NPR Open Sourcing its Android App
In a posting on their site, National Public Radio has announced that they are opening up the code for their Android app to some crowd-sourcing love! Not only are they giving the app an open source license, they are actively asking for the input of interested developers.
What’s awesome about this article is that it gives a big nod to the fact that Android use has exploded in recent months, and people are starting to take notice. Take a look at this quote from the announcement:
We didn’t know how fast the Android platform would grow or what kind of an impact it would make. The last six months show us Android’s incredible trajectory and that our audience gravitates toward that momentum. Since the app’s release in December, we’ve seen astounding growth, and now over 100,000 people use this new platform each month.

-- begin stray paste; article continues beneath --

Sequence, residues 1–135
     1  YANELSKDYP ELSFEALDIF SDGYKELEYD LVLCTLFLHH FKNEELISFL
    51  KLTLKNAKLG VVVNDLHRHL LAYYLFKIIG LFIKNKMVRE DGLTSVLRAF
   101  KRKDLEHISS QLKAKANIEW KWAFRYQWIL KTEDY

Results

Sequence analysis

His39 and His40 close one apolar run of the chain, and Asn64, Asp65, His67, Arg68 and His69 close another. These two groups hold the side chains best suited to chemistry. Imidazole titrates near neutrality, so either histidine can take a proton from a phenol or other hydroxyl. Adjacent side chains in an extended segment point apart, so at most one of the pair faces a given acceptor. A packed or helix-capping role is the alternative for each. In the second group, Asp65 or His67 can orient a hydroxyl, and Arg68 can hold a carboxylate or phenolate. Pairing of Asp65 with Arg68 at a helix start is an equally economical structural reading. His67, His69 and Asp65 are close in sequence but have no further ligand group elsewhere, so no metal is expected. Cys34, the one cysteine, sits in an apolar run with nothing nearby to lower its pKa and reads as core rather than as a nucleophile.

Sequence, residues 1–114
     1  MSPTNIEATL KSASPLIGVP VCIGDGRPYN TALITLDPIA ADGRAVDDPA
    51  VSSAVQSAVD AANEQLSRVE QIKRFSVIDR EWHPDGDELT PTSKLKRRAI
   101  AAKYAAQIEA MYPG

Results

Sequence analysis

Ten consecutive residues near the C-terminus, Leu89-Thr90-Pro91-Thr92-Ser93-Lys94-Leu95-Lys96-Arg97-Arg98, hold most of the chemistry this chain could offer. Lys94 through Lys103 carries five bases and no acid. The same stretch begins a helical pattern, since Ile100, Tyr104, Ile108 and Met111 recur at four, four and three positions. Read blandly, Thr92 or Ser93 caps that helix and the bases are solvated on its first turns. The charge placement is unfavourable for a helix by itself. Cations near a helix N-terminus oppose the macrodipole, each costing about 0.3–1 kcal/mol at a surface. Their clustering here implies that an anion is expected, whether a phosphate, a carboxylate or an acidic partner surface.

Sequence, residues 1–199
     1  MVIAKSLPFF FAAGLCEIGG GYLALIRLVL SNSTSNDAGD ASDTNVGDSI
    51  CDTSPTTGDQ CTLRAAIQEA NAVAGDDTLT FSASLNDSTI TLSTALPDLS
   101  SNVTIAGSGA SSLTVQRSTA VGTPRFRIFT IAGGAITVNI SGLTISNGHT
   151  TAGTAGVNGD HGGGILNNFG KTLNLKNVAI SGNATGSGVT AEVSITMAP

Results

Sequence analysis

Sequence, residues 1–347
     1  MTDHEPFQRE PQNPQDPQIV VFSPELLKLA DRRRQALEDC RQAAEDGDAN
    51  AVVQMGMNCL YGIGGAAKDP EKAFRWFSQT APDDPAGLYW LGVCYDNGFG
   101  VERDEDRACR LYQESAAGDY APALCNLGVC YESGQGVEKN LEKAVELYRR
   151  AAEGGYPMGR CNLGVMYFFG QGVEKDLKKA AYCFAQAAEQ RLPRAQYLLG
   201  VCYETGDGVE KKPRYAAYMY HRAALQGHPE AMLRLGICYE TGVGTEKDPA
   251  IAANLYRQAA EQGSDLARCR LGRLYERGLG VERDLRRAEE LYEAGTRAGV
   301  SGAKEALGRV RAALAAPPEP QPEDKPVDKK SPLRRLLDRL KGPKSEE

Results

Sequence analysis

In the spirit of the Android operating system, we’ve decided to make the code for NPR’s app public. We believe this matches perfectly with NPR’s public service mission. Public media implies our audiences have a stake in our product, and open source projects are a means to better connect to our stakeholders.
I love the part of the quote that talks about NPR trying to match the spirit of the Android platform, openness and public service. Pretty much sums it up in a nutshell doesn’t it? Check out the full article from NPR, and be sure to download the app to your Android handset!
You might also like
Sprint, having a busy day to kick off the week, has announced the expansion of 4G LTE to another 28 markets. What’s more, the tri-band Spark service is getting three
Since the first whispers of a Verizon iPhone began, the question on many Android enthusiast’s minds was what kind of impact the handset could have. Would it stop Android’s growth
Two days ago, Samsung announced their new line of Galaxy TabPRO and NotePRO tablets at CES. It seems as though they’re trying to make the launch a big one by